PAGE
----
Fact-checking Florida’s swing-district congressional race
A swing district in a swing state in March has all eyes on Florida, with politics junkies wondering if the race will predict broader results for November’s election.
The race is for the U.S. House of Representatives for Florida’s 13th Congressional District, home to the city of St. Petersburg and surrounding Pinellas County on the Gulf Coast. The seat was formerly held for more than 40 years by the late Rep. C.W. Bill Young, who died in October.
Republican primary voters went to the polls on Tuesday and selected David Jolly as their general election candidate. Democrats cleared the field for Alex Sink, the state’s former chief financial officer and a 2010 candidate for governor. (She lost to Gov. Rick Scott.)
Jolly on the Truth-O-Meter
Jolly was a longtime Young aide who finished his service as the congressman’s general counsel in 2007. Jolly then became a lobbyist, eventually opening his own firm. Earlier this year, he deregistered as a lobbyist to run for Young’s vacant House seat.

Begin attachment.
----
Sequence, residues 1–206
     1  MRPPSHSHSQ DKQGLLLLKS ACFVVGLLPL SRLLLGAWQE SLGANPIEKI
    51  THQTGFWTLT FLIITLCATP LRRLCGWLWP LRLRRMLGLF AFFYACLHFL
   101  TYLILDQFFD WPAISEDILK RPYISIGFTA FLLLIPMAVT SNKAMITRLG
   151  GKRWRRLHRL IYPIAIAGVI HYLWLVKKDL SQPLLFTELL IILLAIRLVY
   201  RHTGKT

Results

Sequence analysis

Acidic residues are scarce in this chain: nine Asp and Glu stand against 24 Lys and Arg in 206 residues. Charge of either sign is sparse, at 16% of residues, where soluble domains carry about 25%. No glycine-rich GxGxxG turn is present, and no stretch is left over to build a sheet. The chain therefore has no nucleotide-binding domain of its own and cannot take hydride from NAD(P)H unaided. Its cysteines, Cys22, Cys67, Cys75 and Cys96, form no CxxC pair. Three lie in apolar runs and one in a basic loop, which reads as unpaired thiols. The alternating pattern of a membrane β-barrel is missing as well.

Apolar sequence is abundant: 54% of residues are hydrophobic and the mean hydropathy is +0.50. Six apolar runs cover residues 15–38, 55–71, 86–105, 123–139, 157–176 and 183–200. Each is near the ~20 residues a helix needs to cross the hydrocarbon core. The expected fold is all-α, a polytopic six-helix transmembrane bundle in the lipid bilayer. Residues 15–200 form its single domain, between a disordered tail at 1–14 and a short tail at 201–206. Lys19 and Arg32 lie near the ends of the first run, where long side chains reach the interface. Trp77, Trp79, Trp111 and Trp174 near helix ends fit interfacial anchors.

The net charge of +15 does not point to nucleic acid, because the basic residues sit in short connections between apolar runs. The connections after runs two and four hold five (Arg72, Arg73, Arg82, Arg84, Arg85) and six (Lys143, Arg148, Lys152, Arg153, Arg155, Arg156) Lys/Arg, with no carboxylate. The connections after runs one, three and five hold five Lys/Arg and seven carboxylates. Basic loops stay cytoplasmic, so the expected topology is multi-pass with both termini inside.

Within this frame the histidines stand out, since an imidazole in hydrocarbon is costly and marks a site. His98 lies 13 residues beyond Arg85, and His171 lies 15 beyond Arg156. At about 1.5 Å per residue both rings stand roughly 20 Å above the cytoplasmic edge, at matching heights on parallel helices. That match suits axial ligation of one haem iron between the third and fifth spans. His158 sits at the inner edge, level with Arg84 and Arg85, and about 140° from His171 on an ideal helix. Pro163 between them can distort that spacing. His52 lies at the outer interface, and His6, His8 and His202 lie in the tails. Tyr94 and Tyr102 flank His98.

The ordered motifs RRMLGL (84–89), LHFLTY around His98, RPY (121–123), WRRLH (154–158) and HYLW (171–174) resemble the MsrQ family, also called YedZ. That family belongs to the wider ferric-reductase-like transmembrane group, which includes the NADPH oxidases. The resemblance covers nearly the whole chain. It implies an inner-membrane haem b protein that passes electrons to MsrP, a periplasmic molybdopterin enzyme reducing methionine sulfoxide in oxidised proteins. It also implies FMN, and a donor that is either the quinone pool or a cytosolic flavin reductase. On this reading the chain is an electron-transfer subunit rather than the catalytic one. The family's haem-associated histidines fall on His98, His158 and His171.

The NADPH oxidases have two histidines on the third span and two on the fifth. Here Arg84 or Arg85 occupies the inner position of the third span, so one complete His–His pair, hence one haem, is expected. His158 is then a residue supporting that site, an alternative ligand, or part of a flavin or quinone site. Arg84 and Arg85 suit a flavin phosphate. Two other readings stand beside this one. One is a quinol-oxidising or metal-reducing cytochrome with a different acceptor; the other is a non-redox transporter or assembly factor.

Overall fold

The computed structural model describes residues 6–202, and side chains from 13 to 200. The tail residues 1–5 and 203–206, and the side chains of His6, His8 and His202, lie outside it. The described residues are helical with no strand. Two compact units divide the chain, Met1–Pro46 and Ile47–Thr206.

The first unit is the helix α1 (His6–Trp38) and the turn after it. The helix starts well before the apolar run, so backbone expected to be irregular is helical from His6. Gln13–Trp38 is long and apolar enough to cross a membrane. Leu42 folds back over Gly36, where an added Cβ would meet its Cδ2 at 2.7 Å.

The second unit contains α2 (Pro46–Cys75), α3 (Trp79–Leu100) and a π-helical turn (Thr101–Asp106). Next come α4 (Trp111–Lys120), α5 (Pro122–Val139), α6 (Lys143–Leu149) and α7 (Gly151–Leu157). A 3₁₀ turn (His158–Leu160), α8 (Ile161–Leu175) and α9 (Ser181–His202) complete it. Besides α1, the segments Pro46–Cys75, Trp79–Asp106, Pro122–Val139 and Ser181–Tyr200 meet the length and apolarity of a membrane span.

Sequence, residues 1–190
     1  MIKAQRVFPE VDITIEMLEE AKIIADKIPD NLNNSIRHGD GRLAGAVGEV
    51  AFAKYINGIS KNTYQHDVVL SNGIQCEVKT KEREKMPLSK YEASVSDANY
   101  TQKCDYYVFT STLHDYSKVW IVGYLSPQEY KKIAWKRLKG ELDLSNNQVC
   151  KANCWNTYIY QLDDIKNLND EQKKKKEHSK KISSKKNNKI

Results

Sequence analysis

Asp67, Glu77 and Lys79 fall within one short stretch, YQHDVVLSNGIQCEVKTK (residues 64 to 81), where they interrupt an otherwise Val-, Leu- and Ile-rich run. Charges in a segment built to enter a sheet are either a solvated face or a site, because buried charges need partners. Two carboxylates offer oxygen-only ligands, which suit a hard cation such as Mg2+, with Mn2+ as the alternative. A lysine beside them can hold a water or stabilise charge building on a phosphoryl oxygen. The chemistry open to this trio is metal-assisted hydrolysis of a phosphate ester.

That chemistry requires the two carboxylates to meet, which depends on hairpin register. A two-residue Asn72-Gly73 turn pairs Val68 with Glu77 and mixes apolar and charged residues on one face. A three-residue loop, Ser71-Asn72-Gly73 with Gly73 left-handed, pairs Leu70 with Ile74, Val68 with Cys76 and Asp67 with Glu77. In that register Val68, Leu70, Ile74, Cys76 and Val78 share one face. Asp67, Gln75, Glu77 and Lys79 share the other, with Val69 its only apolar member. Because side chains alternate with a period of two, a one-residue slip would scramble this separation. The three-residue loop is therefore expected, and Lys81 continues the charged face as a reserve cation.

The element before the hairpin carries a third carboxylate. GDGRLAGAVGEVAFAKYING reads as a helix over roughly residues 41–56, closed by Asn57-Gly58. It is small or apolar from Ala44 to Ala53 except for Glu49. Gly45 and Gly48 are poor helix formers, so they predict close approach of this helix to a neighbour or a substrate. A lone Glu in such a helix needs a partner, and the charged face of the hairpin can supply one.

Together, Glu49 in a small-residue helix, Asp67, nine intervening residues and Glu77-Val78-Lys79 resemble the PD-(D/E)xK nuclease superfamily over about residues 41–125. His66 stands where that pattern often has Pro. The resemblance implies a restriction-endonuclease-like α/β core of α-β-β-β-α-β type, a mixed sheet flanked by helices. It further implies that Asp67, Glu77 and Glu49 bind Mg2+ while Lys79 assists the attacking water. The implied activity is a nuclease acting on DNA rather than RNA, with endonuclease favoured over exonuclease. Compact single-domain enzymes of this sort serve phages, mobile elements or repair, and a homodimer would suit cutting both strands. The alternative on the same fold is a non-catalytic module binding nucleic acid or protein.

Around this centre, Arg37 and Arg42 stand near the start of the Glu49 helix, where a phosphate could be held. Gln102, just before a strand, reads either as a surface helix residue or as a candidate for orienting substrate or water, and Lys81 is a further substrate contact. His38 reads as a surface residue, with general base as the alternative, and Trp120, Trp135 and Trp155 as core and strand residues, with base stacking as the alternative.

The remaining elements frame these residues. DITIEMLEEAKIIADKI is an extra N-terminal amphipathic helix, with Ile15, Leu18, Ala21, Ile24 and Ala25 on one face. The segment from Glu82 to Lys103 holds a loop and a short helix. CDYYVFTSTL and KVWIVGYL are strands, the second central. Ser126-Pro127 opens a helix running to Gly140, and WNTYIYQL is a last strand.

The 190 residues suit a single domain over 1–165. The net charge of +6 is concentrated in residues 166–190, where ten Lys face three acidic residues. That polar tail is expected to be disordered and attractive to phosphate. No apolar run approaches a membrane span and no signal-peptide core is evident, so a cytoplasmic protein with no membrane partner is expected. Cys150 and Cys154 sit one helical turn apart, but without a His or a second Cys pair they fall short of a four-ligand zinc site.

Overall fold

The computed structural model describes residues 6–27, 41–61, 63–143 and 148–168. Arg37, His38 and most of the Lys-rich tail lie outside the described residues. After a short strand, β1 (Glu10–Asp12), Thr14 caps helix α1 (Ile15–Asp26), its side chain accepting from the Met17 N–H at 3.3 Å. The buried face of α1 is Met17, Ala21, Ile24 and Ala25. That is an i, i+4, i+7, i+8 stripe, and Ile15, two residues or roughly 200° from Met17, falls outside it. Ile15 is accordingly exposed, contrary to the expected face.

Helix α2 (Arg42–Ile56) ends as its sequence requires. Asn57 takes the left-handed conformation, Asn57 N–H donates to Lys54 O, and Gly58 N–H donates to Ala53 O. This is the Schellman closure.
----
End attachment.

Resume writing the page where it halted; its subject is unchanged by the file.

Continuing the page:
PolitiFact Florida has fact-checked Jolly’s statements twice during the primary campaign.
Jolly accused his Republican opponent, state Rep. Kathleen Peters, of refusing "to ‘take a stand’ to repeal Obamacare." Actually, Peters said she didn’t support the law, but thought protections for people with pre-existing conditions needed to be continued. We rated his statement Mostly False.
Jolly also refuted claims that he had lobbied for offshore oil drilling, a controversial issue for Floridians concerned about protecting beaches. Jolly said he "never lobbied for offshore oil drilling," but a federal disclosure statement showed that he did. Jolly said he attended one meeting on the issue, but that does meet the technical definition of lobbying. We rated his statement Mostly False.
Sink on the Truth-O-Meter
Sink has more ratings than Jolly on PolitiFact’s Truth-O-Meter, mostly due to her 2010 statewide run for governor.
Three of Sink’s statements have been rated Mostly False or False. During the governor’s race, she opined there was not enough attention paid to Medicaid fraud cases that happened on the Republicans’ watch. "Nobody has been talking about it, focused on it, or paying attention to it," she said Actually, both the press and public officials paid significant attention to the issue, including public hearings and proposed legislation. Truth-O-Meter verdict: False.
She never earned a Pants on Fire.